Connie has lived her entire life as a Catholic nun after having been abducted by Sister Mary Magna in Brazil as a nine-year old street urchin. In the 1950s, she has an extended romantic relationship with one of the prominent men of Ruby, Deacon Morgan, that ends when she appears to transgress the boundaries Deacon had set for the relationship. She also appears to have supernatural powers that she begins to develop after meeting with Lone, Ruby's midwife. She uses these powers to save Scout Morgan after he is injured in a car crash. Later, she uses these powers to conjure a kind of spell over the other women of the Convent, possibly helping them to heal from their various experiences of trauma and loss.
Mavis had been married, and had four children in New Jersey. Her marriage was a rocky and unfulfilling one, and her husband Frank had been quite controlling. Under circumstances that are a little murky, Mavis left her two youngest children in an enclosed car, where they died. Mavis subsequently left her family behind, stealing her husband's Cadillac and driving it until she ran out of gas and money in Oklahoma. At the Convent, she believes the ghost of her two decease children Merle and Pearl) are with her in her room. She periodically leaves the convent to visit her surviving children as they are growing up in Maryland, but there is a warrant out for her arrest and she realizes she cannot remain there.
Gigi appeared to be a free spirit and wanderer, who found her way to Ruby and the Convent after a series of relationships with men, and after a somewhat mysterious quest to find a rock formation in the southwestern desert apparently showing human-like figures engaged in sex. While Gigi does not come to the Convent following a traumatic or abusive experience, there are hints that she has been involved with countercultural movements and traces of violence in her past. In the novel, we learn she has had a longstanding sexual relationship with K.D., a young man descended from one of the founding families of Ruby.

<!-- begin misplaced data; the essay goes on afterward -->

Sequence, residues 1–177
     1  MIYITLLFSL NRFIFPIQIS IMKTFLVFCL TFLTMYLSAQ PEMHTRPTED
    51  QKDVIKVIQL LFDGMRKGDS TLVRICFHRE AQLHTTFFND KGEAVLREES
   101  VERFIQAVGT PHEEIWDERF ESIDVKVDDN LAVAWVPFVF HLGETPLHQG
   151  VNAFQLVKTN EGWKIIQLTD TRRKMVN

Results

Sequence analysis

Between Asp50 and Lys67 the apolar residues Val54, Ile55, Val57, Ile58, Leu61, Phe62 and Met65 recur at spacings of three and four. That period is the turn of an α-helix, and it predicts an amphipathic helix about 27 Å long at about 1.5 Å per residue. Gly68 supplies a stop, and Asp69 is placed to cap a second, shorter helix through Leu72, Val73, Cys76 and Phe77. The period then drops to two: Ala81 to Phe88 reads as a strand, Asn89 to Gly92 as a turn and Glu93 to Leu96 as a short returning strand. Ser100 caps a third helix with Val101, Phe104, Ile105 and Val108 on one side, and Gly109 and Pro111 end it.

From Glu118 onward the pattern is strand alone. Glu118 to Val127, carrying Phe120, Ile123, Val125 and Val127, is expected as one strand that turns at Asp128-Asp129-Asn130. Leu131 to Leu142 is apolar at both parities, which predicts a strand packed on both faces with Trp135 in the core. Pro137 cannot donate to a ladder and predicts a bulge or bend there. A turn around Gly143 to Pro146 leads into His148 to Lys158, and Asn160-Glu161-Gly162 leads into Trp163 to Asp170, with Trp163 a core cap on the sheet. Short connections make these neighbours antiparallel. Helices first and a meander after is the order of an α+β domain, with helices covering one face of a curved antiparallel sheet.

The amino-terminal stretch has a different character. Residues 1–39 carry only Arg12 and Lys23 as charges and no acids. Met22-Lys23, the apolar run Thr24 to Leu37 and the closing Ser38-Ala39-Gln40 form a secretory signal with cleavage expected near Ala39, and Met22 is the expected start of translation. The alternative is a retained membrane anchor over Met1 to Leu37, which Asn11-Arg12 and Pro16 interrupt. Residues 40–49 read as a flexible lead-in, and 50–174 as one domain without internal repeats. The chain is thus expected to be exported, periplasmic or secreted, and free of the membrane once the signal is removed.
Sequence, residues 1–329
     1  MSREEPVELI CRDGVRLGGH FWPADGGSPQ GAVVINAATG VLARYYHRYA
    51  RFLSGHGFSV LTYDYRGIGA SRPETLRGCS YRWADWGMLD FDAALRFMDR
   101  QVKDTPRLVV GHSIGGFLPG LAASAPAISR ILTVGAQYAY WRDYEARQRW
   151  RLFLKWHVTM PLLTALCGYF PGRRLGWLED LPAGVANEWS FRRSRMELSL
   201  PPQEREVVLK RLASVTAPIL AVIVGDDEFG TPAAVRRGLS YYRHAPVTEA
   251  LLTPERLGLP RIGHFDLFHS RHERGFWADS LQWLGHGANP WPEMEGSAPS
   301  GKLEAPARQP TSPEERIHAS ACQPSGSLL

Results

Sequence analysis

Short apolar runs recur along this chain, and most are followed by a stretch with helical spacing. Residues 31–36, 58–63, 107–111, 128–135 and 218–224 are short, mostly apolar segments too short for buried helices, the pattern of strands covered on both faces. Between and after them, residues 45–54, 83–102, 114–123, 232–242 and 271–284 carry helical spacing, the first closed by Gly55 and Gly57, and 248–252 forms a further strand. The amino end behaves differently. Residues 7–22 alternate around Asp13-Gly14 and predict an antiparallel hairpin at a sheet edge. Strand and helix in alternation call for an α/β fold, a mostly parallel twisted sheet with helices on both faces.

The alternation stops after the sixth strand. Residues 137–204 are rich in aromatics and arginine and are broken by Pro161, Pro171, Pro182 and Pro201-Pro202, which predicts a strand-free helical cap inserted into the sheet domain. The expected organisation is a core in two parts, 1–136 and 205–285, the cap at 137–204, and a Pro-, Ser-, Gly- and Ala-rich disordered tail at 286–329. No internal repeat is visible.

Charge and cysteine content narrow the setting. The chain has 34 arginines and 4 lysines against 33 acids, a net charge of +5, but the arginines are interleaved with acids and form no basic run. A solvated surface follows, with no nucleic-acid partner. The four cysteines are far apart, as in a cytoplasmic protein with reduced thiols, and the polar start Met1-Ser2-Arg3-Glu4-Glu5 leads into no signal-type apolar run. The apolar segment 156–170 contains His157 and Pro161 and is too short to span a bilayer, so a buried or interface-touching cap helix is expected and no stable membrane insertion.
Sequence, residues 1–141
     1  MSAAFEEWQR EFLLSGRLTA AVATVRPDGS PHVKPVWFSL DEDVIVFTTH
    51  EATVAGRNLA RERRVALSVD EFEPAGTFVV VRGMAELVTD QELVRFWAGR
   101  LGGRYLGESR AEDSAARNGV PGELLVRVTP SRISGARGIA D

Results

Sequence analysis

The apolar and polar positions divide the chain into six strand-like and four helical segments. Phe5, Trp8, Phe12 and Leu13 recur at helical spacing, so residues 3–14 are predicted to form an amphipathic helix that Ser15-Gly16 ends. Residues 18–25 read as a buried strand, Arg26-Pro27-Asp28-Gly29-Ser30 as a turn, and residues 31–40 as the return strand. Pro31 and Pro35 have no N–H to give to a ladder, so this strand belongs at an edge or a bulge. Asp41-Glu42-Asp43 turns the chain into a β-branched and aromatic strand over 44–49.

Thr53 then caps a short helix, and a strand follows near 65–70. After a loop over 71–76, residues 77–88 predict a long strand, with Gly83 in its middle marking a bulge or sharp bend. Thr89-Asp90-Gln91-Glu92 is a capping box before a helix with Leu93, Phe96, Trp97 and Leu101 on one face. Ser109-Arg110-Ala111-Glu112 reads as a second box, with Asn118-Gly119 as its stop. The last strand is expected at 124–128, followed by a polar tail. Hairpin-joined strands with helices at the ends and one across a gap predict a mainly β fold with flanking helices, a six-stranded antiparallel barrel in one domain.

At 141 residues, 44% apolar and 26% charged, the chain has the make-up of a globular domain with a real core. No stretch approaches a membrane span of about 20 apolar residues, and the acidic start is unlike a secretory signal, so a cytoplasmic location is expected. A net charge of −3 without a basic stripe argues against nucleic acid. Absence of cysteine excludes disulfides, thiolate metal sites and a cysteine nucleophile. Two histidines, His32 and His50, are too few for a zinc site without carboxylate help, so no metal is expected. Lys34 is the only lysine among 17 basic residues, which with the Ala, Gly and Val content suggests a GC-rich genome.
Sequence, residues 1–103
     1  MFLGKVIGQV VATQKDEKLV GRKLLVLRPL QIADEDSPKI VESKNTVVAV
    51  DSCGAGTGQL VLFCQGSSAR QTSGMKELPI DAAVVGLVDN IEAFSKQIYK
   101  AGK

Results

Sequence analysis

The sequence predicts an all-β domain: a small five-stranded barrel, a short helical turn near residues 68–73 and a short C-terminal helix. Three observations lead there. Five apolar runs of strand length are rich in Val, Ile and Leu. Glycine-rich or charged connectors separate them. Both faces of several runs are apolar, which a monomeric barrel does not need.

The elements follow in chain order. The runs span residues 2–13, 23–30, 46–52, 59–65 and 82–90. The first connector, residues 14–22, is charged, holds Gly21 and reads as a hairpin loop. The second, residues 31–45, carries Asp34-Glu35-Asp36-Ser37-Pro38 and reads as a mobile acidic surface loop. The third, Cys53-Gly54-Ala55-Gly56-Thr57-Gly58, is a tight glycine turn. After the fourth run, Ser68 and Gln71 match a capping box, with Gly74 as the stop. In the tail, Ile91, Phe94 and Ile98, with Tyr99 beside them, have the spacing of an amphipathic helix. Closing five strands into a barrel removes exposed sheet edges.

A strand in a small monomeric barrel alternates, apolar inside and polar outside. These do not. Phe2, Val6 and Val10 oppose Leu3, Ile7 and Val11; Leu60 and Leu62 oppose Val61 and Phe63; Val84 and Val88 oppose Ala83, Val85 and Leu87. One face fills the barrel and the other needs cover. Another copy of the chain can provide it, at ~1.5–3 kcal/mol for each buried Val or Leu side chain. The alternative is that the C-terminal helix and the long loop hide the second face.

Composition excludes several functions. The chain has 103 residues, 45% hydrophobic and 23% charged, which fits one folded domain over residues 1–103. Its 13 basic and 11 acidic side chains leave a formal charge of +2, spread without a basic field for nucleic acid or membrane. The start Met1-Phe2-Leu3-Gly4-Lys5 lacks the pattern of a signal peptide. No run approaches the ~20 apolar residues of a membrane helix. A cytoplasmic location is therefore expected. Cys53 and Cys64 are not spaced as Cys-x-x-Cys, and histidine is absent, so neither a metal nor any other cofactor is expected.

The most notable aspect of Seneca's backstory is the way she had been abandoned as a child by her care-giver Jean, whom she understood as her older sister but who in actuality may have been a teenaged mother. Later, Seneca had a relationship with a man, Eddie, who ended up in prison after apparently striking and killing a child with his car, and a somewhat mysterious experience as a sex-worker for a wealthy woman named Norma. Seneca also apparently worked as a sex-worker as a teen, after being sexually abused while in foster care. She has also struggled periodically with self-harm, and engages in the practices of 'cutting'.
Pallas, a sixteen year old, is described as having originated in a well-off family in Los Angeles. She runs away with a sculptor named Carlos, and the two join her mother Divine (DeeDee) in Mexico. There her lover begins to have a sexual relationship with her mother, leaving Pallas feeling betrayed and lost. She subsequently had a traumatic experience where she had been hunted by men, and was forced to submerge herself in a swamp to avoid capture. When she first arrives at the Convent, she can barely speak. There are strong hints at various points in the novel that she is pregnant, though the father of the baby is unspecified.
Women of Ruby who Visit the Convent:
Soane Morgan: She briefly comes to the Convent to confront Connie after Connie has had an affair with her husband. Later, Connie saves the life of her son Scout, and the two women become friends. Soane invites the women of the Convent to the wedding reception between her nephew K.D. and Arnette.
Arnette Fleetwood: Arnette comes to the Convent first as a pregnant teenager. She first claims she's been raped, and later she asks the women of the Convent to help her lose her baby. She ends up giving birth to her child prematurely at the Convent, but the baby dies.
Sweetie Fleetwood: She is the mother of several children who are born with congenital birth defects. In the middle of the novel, she walks through a snowstorm from Ruby to the Convent (17 miles), and then has fevered delusions about the women of the Convent. Later, she tells her husband Jeff Fleetwod that she had been abducted by the women of the Convent.
Billie Delia / Billie Cato: Billie Delia comes to the Convent after a vicious fight with her mother Patricia, where her mother had come close to killing her (Patricia had struck her daughter with an iron). She spends some time recuperating at the Convent, then decides to leave Ruby altogether. She works in a nearby city in Oklahoma, and she is the one who brings the traumatized Pallas to come stay at the Convent. As a member of the Best family and as a lighter-skinned Black woman, she and her mother Patricia have been understood as outside the mainstream of the Ruby community. She has been stigmatized as overly sexual because of an incident that took place when she was a child.